Saturday, January 20, 2018

Viewpoints in Stories

Viewpoints and voice are important decisions in all types of writing. In fiction writing, where the author wants the reader to become involved emotionally with the characters or with the plot, this choice is often critical.

First-person narratives are often filled with “I + verb” repetitions, which the author has to work to eliminate, but it is very intimate and the author can easily get the reader into the character’s mind. Matter of fact, the reader can easily become the character because whenever we speak about ourselves, we use the first person. When a person reads "I", their mind can confuse it with him or herself. I’ve written one story in the first person and read many novels from this viewpoint. I’ve also read novels where two first-person viewpoints are used. It is difficult to switch between characters in this instance. I believe I read an Andre Norton story that each chapter switched between the hero and heroines’ first-person viewpoints.

The second person is far more difficult. Most people use ‘you’ when talking to another person, but I, and probably many other people, talk to myself in both first and second voice, and in novels, it is often a character talking to themselves. Again, this voice often allows the reader to become the character, but it can lead to confusion, too. It is growing in usage. One famous book in the viewpoint is Johnny Got His Gun written by Dalton Trumbo in 1938. It tells the story of John Bonham, a World War I soldier who wakes up in a hospital and soon realizes he has no arms or legs, no eyes, no ears, and no tongue. It is very visceral.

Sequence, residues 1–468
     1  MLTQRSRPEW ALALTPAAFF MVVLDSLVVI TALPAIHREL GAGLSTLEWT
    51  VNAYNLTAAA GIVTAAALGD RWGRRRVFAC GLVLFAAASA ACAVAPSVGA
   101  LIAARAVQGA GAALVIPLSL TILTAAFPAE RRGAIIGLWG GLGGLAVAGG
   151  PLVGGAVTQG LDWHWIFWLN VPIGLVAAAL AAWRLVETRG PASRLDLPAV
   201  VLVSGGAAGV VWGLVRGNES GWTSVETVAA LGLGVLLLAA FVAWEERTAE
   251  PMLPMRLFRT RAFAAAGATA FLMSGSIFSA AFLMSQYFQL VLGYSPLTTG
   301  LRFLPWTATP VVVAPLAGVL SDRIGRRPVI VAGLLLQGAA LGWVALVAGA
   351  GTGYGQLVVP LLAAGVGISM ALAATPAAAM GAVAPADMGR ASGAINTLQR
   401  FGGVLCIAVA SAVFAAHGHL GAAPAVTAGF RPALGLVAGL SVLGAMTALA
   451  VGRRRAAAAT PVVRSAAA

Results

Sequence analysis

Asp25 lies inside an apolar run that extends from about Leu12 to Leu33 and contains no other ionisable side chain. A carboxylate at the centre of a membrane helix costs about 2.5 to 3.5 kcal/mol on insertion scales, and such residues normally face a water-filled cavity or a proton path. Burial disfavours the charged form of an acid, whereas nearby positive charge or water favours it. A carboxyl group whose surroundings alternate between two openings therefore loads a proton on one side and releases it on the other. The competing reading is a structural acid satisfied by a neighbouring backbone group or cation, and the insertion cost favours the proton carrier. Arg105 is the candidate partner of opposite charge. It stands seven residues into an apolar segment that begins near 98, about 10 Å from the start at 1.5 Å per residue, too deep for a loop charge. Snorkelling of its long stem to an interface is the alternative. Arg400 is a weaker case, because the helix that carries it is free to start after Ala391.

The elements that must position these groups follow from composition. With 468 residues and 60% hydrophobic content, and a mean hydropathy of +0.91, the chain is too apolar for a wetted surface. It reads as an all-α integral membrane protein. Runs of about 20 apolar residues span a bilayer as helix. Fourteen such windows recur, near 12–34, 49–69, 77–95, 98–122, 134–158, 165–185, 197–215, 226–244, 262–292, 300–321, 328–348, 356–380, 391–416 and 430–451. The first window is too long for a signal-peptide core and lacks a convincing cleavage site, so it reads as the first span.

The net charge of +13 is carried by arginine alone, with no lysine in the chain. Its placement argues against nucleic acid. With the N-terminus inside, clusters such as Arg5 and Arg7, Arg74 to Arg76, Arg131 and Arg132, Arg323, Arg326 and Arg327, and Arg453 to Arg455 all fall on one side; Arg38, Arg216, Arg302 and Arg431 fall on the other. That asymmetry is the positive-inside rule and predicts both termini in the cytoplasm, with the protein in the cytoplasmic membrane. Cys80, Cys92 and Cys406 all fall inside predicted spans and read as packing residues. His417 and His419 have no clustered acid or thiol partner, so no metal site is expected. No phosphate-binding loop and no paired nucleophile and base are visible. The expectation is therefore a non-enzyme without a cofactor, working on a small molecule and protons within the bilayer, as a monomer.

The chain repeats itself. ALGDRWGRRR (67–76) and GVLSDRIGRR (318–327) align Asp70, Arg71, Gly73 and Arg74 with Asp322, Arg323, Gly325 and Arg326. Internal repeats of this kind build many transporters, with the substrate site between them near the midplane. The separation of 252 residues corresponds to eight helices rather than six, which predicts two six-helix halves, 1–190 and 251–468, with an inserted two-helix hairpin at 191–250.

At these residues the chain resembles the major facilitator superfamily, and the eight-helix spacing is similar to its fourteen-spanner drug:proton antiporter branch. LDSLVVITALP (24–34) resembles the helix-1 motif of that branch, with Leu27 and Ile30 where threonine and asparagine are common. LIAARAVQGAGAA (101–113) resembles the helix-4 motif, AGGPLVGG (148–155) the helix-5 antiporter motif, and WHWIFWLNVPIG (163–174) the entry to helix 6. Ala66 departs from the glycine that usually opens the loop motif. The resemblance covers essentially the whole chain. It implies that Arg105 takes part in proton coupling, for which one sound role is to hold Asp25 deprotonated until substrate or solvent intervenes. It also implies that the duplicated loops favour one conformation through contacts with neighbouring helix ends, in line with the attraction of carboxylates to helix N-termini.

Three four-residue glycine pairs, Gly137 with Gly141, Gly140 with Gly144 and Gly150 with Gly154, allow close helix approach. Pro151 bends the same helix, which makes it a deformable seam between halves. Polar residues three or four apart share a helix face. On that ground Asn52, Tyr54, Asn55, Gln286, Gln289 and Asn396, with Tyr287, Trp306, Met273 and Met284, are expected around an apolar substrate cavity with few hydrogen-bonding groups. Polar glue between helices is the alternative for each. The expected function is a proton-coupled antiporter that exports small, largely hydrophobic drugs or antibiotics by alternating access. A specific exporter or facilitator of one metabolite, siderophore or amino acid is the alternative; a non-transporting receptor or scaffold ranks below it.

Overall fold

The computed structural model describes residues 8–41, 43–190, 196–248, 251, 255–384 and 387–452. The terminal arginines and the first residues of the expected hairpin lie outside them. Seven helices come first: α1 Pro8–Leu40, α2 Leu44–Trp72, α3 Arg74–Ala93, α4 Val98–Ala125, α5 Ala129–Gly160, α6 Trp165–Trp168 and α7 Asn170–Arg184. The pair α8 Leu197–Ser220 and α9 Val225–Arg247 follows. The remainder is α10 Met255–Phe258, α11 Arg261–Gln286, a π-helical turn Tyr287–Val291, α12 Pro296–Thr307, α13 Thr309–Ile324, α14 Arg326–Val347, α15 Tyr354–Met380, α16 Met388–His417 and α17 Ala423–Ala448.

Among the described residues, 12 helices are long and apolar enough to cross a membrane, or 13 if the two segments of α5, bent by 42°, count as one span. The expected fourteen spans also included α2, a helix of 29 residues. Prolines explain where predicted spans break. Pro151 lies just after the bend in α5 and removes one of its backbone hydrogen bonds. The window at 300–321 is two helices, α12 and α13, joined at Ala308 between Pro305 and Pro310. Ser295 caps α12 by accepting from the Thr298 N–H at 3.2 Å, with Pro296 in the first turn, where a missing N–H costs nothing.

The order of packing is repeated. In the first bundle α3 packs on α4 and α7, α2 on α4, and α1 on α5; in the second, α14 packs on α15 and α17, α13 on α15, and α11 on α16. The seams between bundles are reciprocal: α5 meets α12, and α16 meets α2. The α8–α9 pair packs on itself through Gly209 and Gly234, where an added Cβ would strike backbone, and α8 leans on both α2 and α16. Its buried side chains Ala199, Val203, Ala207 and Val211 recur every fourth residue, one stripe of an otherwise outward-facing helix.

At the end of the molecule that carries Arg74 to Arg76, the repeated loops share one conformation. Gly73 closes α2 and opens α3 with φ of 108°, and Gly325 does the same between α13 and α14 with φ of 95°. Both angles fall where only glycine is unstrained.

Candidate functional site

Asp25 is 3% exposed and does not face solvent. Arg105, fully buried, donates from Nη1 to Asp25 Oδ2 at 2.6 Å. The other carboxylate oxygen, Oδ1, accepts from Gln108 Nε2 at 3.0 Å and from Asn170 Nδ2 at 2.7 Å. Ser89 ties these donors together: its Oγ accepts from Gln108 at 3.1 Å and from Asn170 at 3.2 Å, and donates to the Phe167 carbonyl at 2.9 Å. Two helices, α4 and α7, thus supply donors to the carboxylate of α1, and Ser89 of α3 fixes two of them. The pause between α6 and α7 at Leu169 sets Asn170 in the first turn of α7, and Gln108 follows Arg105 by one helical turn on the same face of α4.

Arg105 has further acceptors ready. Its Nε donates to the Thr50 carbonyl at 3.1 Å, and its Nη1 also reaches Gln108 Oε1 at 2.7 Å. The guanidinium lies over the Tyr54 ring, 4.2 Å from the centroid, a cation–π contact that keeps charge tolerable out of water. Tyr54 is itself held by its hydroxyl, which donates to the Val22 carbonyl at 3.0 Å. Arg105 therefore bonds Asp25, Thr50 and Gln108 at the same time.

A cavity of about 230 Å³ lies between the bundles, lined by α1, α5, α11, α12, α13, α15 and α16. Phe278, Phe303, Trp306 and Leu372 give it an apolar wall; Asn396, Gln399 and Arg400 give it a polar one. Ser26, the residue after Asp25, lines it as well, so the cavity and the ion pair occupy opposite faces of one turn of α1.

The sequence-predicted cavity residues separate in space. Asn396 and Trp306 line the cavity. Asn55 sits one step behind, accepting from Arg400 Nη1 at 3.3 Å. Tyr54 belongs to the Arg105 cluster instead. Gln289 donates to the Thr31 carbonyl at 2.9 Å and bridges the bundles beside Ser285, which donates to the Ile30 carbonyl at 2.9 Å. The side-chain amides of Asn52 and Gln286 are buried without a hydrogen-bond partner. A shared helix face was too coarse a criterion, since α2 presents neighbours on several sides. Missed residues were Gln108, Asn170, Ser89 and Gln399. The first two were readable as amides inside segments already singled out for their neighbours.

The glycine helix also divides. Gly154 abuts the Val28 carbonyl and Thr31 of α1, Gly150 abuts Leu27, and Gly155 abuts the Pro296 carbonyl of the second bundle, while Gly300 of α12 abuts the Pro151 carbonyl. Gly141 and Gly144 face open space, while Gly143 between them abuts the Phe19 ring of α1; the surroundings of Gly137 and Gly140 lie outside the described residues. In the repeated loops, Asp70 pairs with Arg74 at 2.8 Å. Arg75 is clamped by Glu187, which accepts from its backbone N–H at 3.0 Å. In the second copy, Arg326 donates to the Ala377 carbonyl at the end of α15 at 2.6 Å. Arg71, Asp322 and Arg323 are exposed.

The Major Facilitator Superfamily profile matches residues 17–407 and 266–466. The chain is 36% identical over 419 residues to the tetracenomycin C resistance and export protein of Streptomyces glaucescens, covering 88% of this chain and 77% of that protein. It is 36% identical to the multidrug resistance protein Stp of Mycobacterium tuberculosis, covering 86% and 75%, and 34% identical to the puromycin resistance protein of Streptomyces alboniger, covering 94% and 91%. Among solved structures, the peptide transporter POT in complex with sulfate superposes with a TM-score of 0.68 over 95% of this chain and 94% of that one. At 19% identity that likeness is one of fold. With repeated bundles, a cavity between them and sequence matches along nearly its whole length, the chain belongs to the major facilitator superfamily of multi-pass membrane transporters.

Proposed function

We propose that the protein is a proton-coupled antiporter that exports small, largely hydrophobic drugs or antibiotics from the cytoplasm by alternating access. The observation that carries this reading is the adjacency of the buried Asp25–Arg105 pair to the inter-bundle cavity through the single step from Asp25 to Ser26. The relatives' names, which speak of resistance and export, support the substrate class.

The third person is most often used in novels, which makes it familiar to most readers. The omniscient viewpoint lets the author tell the story. This allows letting the reader to know what any character thinks in any scene. While I’ve read many novels using this viewpoint, I find myself not quite as involved with the characters themselves.

I prefer to use the third person in character limited viewpoint. This method allows the same reader intimacy as 1st person, but perhaps more limited, because the character tells their story through their own viewpoint and senses not only through dialogue but through their thoughts. Different characters’ viewpoints are possible with a demarcation to show the reader where the narrative switches from one character to another. The trick is for the author to remember that they are in one character's viewpoint and not to introduce information the character could not know.

Please read the following authors' viewpoints on this topic:

Dr. Bob Rich       Connie Vines       Helena Fairfax       Fiona McGier

Judith Copek       Marci Baun       Anne de Gruchy      A.J. Maguire